There’s nothing in Bryce Young’s official Alabama bio that gives it away. Hometown: Pasadena, Calif. That’s the truth, but not the whole truth. His Wikipedia page offers another hint.

Born: July 25, 2001. … Philadelphia, Pa.

Even that isn’t quite right. They’re not hiding anything. Young’s father Craig, a Pennsylvania native himself, returns a phone message, his cellphone ID from Pasadena. His son is the Heisman Trophy winner. Bryce is quarterbacking Alabama on Monday night against Georgia for a national championship.

But his father is calling to talk about Philadelphia.

“So Bryce was born in Lankenau Hospital,” Craig Young said. “So right outside [Philadelphia].”

As close as you can get, just across City Avenue on the Wynnewood side.

“I was born in Harrisburg,” Craig Harris said. “My father and my sister still live in Philadelphia.”

Young explained that he grew up mostly in Southern California himself, but for a short time he and his wife moved back East, lived in Havertown, on Hillcrest. (He texted his wife to get the name of the street.) He worked for a local advertising agency — “Red Tettemer, it’s still there.”

It wasn’t a long stay.

“It was like one of the worst Philly winters in a long time,” Young said. “My wife was home with a newborn. I was working very, very long hours.”

The smart move was to head back to Southern California. They packed up some memories.

“We were huge Lakers fans,” Young said.

This was 2001 … Lakers-Sixers, NBA Finals. They got hold of a couple of tickets to Game 3 in Philly. Series tied 1-1, the city still dreaming big, thinking Iverson could take out Kobe.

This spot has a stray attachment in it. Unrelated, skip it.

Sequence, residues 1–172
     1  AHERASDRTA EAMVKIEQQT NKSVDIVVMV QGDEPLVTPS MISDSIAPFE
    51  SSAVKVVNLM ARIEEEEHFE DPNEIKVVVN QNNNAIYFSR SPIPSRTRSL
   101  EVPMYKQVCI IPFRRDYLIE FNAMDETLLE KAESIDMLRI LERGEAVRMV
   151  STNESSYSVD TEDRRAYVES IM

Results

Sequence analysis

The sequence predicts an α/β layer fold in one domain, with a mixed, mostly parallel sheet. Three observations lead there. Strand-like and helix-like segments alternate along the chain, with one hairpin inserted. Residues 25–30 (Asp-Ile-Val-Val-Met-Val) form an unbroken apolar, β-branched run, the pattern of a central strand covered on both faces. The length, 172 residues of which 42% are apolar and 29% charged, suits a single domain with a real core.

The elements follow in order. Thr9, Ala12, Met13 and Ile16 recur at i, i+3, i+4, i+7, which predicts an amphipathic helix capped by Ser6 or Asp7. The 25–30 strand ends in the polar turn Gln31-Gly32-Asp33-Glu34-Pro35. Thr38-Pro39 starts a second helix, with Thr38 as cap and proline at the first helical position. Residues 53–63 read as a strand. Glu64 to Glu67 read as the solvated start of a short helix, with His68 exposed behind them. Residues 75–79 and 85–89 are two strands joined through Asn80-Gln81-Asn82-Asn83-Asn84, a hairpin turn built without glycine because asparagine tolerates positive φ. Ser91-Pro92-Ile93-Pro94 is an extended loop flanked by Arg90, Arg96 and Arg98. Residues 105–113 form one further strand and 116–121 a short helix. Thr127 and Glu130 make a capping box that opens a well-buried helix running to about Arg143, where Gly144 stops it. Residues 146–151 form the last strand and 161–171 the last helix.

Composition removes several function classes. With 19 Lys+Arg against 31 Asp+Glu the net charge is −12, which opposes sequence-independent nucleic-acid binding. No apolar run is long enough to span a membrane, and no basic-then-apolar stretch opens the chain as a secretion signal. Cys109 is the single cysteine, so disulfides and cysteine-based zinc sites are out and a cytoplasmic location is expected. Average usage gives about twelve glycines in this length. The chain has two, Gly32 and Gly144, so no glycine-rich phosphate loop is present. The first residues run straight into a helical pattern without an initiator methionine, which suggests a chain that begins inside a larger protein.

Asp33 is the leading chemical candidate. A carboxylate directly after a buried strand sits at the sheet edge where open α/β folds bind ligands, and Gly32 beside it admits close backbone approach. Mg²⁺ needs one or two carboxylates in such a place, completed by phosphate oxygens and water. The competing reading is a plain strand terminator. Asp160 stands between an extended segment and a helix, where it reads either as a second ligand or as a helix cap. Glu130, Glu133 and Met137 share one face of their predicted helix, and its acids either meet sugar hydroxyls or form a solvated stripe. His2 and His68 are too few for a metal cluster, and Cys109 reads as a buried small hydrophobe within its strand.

“I have on my Lakers jersey, my Kobe jersey,” Young said. “We walk in … I think it was still the F.U. [First Union] Center. We’re in the main area, get on an escalator. We go in there, it’s bustling.”

But this guy with a Kobe jersey. Bryant also was born at Lankenau Hospital. Sixers fans, if you know the history, did not care.

“Literally, it went from all this noise and commotion to complete silence for a second, maybe two seconds,” Young said. “Then the entire place started yelling and screaming. Lakers fans are passionate, too, but I’ve never seen anything like this. It was like they were insulted.”

You get on an escalator, you’re not getting off. Enjoy the ride.

“I feel like there’s something cold [on his Kobe jersey],” Young said. “This guy is purposefully pouring little small increments of his beer on me.”

Young stayed cool.

“I can’t fight Philly,” Young said. “We let this go. I was trying to be friends. ‘Guys, you’re booing a pregnant woman.’”

Don’t forget Bryce Young’s birthdate. Julie Young was noticeably pregnant?

Noticeably pregnant,” her husband said.

“Craig loves to tell that story,” said his sister, Leslee Frye, who lives in Mount Airy and works as a psychologist at the upper school at Springside Chestnut Hill Academy.

It turns out that more than football, mental health is the real family business. Craig works in the field now. Bryce’s grandfather, Harold Frye, who lives in Glenside, is a psychotherapist.

“I’ve been in mental health my whole career,” he said over the phone.

Except Monday night, that’s back burner. Roll Tide, in little pockets around here. When Bryce got to ‘Bama, Frye had to find a spot to watch. Turns out Roberts Block Restaurant & Bar by the Glenside train station was the spot. The owner’s son graduated from Alabama, Frye said, and a daughter is there now. Walk in, there’s the Roll Tide sign. They have a bunch of televisions showing games.

“A lot of screens, but when Alabama comes on, every screen is Alabama’s game,” Frye said. “The staff that works on Saturday must wear Alabama gear.”

A friend had dinner there once, told him about it. They know about his grandson?

“They all know,” Frye said.

So he’s treated as an honored guest?

“I try to avoid that, but they do.”